The FCA’s latest update to the Treasury Select Committee about its investigation into events surrounding the collapse of the Woodford Equity Income Fund, published this week, emphasised once again the significant amount of time required for an FCA investigation of this nature.
It is clearly important that the official investigation is allowed to run its course. However, the FCA’s letter and the significant amount of work still to be done before we are likely to see any public disciplinary sanction against those involved or redress will be of little comfort to the thousands of investors who lost out from the fund’s collapse, and who deserve a swift resolution.
On 15 December, the FCA wrote to Treasury Select Committee Chairperson, Mel Stride MP, regarding its investigation into events surrounding the 2019 collapse of the Woodford Equity Income Fund (now named the LF Equity Income Fund). The FCA confirmed it has now gathered all key evidence, instructed an expert witness to provide an opinion, and engaged legal counsel to assist in the evaluation of evidence. It remains on track to conclude its investigation by the end of 2021, it said.
However, although this may now be completed there is still more to be done before any outcome is made public. The subject(s) of the FCA investigation will be given time to respond to any allegations and to contest the FCA’s proposed sanctions. The subject(s) then have a further right of appeal to an independent body if they are unsuccessful in contesting any outcomes they disagree with.
Publicly, nothing has yet been revealed about the precise targets for any disciplinary action, which could include Neil Woodford himself, Woodford Investment Management as the fund’s Investment Manager, Link Fund Solutions Ltd (Link), the fund’s Authorised Corporate Director, or indeed all of the above. The nature of any disciplinary action also remains a mystery.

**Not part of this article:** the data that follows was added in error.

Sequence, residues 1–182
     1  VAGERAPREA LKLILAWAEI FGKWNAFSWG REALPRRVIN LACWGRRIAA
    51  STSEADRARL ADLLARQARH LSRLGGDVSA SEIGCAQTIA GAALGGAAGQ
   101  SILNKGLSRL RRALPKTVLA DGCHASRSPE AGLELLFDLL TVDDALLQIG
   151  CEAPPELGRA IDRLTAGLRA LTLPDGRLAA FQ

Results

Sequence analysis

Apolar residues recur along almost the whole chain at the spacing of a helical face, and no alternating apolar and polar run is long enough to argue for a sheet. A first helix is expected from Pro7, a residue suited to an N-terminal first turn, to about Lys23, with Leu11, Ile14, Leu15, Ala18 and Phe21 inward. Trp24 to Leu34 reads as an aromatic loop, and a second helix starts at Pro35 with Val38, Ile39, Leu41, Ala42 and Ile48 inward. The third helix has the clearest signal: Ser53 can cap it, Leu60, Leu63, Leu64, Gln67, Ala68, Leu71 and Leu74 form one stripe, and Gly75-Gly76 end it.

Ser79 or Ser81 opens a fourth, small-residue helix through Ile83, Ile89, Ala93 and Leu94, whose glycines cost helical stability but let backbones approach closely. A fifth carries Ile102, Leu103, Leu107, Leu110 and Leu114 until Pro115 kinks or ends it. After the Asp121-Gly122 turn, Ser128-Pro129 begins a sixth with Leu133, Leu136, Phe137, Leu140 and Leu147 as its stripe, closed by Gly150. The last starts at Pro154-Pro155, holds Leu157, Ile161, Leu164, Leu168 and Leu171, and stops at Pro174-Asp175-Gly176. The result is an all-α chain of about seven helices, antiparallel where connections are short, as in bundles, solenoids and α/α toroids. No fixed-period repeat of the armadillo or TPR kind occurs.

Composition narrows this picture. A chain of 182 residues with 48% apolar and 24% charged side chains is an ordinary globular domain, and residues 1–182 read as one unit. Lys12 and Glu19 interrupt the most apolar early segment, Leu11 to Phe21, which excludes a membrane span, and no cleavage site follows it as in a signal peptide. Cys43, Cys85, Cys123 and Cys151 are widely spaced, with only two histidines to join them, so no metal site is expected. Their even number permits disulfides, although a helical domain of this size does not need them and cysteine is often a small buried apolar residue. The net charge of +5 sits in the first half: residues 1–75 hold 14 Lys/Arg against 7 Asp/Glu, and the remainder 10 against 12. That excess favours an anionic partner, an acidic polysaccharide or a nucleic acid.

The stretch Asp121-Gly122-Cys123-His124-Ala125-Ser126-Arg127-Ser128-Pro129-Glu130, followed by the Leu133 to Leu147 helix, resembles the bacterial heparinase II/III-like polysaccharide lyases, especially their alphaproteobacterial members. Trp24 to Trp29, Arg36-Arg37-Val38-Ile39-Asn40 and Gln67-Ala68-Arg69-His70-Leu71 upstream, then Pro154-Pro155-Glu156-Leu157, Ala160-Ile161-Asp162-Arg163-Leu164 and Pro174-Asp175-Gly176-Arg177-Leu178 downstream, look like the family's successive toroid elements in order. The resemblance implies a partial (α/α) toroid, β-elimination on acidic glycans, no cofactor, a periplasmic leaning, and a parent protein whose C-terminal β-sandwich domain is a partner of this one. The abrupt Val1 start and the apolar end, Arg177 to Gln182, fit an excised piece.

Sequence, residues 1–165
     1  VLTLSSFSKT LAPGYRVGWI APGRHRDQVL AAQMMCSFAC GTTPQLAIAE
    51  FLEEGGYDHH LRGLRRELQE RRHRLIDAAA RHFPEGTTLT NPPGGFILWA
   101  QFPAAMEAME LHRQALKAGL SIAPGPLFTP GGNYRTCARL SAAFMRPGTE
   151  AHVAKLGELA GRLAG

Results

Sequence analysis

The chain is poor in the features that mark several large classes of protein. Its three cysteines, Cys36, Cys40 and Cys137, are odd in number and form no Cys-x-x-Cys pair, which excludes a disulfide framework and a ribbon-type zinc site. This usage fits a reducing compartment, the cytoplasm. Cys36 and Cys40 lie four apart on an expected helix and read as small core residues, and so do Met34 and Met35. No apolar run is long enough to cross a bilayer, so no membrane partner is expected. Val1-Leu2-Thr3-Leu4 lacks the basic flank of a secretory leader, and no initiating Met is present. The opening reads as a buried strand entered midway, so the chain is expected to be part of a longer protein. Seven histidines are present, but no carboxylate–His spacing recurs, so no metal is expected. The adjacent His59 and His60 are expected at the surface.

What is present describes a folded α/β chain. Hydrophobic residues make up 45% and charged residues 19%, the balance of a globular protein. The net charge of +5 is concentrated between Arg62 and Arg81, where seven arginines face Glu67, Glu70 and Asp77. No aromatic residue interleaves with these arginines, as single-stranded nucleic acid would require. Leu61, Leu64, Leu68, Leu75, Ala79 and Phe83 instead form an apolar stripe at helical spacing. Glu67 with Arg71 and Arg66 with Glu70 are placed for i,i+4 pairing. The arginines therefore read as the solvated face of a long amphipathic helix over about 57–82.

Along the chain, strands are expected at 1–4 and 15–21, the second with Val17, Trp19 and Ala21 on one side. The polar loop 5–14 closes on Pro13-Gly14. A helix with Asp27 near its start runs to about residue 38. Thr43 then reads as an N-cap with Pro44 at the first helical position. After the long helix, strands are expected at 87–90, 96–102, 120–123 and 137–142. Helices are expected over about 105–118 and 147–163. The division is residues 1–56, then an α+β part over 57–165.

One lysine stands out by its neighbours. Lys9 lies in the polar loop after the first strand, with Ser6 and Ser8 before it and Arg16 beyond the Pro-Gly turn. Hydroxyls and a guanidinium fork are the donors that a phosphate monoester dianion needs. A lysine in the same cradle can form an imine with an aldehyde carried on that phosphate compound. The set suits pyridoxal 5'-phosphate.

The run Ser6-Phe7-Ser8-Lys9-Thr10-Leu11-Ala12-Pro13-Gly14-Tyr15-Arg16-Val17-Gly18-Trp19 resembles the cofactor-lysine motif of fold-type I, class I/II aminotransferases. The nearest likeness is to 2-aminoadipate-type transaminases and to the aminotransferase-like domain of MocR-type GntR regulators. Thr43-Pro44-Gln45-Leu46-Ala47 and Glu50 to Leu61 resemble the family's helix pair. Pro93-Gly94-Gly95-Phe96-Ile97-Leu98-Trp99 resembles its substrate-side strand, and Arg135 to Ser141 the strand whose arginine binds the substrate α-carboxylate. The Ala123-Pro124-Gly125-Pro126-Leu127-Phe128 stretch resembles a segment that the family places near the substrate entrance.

The FCA letter also reminded the Select Committee of the length of additional time it will take to reach an outcome if the FCA’s proposed regulatory sanctions are contested.
Based on this letter, we are unlikely to hear anything about the outcome of the FCA’s investigation and any subsequent disciplinary action for many months.
Mel Stride has recognised the need for speed, and responded to put some pressure on the FCA to “…ensure as swift as possible a conclusion”.
Investors who are hoping for a swift resolution from the FCA may be in for a long wait.
Leigh Day is bringing a civil group claim in the High Court, claiming compensation for the investors in the fund who have lost significant amounts. The claim is against Link, the fund’s Authorised Corporate Director.
Link was responsible for ensuring that the fund complied with all FCA regulations and investment restrictions that are designed to protect investors. We believe that it was Link’s failure to their job to challenge the investment decisions made by Neil Woodford and ensure that the fund had an appropriate spread of risk that led to investors suffering such significant losses.
Whilst the FCA’s investigation is important and we look forward to seeing the outcome of it, in our view the group claim Leigh Day is bringing is the best option for timely redress for investors.
We are focused on securing compensation for our clients as quickly as we can. The case is progressing, and investors can expect to see further significant developments in the coming months.
If you invested in the Woodford Equity Income Fund please click here to join the claim.17 January 2022